KELLER in the bush – August 25, 2022 – Martijn Smit – Environmental Science News

IoT Water Level Pilot Project with Surprising Result in Kololo Game Reserve

Kololo Game Reserve is located near Vaalwater, Limpopo (South Africa), with several accommodations, a fine restaurant and a swimming pool. Kololo is part of Welgevonden Game Reserve (a Big Five* game reserve), with the distinction that the area itself does not host the Big Five. In summary, Kololo is a family game reserve with its own access to the Big Five, meaning the best of both worlds.

Kololo is located in a rural area and therefore self-sufficient in water and electricity. Although Kololo is connected to the electricity grid, this grid fails from time to time, so for backup purposes, there is a diesel electricity generator on standby.

The Kololo water system

Kololo’s water system consists of 3 stages: A water well, eight accumulation tanks, and finally, the distribution of water through pipes and hoses to the lodges, restaurant and swimming pool. Kololo’s main source of water is a well at a depth of 100 m. To reach the water from the well, a borehole is drilled. Measuring the level in the well is important for predicting the stock of water in the well, because the stock is not infinite.
Water from the well is pumped over a distance of 1 km into eight tanks of 5000 liters each. These tanks are called “Jojo’s” because of the name of the manufacturer (Jojo) and are located high on a hill. In fact the Jojo works like an accumulator. From Jojo’s, the water is distributed by gravity-assisted downward pipe to the lodges and pool.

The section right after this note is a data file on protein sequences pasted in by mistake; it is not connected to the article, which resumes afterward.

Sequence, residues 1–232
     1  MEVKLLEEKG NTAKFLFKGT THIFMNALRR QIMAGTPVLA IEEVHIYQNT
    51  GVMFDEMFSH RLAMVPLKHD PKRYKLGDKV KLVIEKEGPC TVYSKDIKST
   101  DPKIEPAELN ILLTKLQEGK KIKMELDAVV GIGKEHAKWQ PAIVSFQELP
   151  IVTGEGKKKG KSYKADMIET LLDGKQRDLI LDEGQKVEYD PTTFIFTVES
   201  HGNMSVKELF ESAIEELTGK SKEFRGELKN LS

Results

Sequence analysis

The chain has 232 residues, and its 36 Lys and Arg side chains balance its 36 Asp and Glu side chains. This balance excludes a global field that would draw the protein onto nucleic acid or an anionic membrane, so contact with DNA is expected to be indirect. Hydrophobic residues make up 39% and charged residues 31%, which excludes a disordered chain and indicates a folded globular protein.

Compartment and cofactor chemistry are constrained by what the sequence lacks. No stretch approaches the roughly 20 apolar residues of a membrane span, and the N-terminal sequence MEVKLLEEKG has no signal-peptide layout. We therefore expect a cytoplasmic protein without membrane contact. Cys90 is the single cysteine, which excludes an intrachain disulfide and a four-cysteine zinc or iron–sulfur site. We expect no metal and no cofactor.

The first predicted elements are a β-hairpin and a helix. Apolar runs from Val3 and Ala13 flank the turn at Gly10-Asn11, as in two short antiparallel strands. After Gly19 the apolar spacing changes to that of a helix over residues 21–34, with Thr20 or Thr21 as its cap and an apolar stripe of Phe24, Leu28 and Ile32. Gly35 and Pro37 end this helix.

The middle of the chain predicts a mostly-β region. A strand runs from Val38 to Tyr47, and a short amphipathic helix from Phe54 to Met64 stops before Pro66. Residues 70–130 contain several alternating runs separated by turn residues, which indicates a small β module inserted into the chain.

Measurement levels

Measuring the water level in both the well and the Jojo’s is important to get a good idea of ​​the current level which is representative of the water stock over a period of time. That is why in February 2020, KELLER installed a complete level measurement system in one of the Jojos, which is read wirelessly via a LoRa network. The eight Jojo are connected to each other. Thus, the level of a Jojo is representative of the level of all Jojos.
KELLER offers a wide variety of analog and digital level sensors. As an option, in addition to level and temperature which are standard measurement parameters, digital level sensors can even measure conductivity. As the data is ultimately stored in a database in KELLER’s KOLIBRI Cloud, historical data is also available over time, which provides additional insight into consumption, leaks, etc.

How to measure the water level with a pressure sensor?

Have you ever had ear pain when diving in water? You feel the weight of the water column above you. Weight is a force, calculated with the formula F = mxg, where m = mass and g = gravity. Since pressure is a force per area, we can measure the column of fluid with a pressure sensor.
Knowing the density of the fluid we can convert the pressure to length (= column of fluid) and when we know the length, area and density of the fluid we can convert the measurement to volume in liters.

Wireless LoRaWAN based system

Kololo is not the largest game reserve but nevertheless a large area of ​​3000 Hectares (4500 football fields) and therefore too large for wired sensors. This project requires a wireless IoT* solution, but because Kololo is located in a rural area, there is hardly any cellular coverage. 4G and NB-IoT (i.e. the networks provided) are therefore not available. However, Kololo has internet access.
There are several wireless IoT* systems like LoRaWAN and Sigfox. Among LoRaWAN, Loriot and The Things Network (TTN) are the best known.
The big advantage of TTN is that one can easily create local coverage by installing a TTN compatible gateway and connecting it to the Internet.
A typical local LoRa network consists of 3 basic elements.

1. A sensor or gauge (digital)
2. A LoRa transmitter that transmits the measurements
3. A LoRa gateway, the receiver, which connects to the internet via ethernet or Wifi, and retransmits the measurements to KELLER’s KOLIBRI Cloud.